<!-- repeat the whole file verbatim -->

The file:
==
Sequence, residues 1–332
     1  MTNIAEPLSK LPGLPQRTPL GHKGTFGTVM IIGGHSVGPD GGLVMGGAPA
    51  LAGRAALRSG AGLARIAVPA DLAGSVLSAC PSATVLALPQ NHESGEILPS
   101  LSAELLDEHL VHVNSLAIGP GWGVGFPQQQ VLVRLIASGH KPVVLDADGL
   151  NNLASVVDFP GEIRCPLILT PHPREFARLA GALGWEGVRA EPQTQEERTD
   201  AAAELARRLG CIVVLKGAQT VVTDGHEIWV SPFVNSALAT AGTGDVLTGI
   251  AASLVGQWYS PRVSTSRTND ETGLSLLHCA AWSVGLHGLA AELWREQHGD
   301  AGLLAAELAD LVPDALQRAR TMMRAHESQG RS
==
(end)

Sequence, residues 1–332
     1  MTNIAEPLSK LPGLPQRTPL GHKGTFGTVM IIGGHSVGPD GGLVMGGAPA
    51  LAGRAALRSG AGLARIAVPA DLAGSVLSAC PSATVLALPQ NHESGEILPS
   101  LSAELLDEHL VHVNSLAIGP GWGVGFPQQQ VLVRLIASGH KPVVLDADGL
   151  NNLASVVDFP GEIRCPLILT PHPREFARLA GALGWEGVRA EPQTQEERTD
   201  AAAELARRLG CIVVLKGAQT VVTDGHEIWV SPFVNSALAT AGTGDVLTGI
   251  AASLVGQWYS PRVSTSRTND ETGLSLLHCA AWSVGLHGLA AELWREQHGD
   301  AGLLAAELAD LVPDALQRAR TMMRAHESQG RS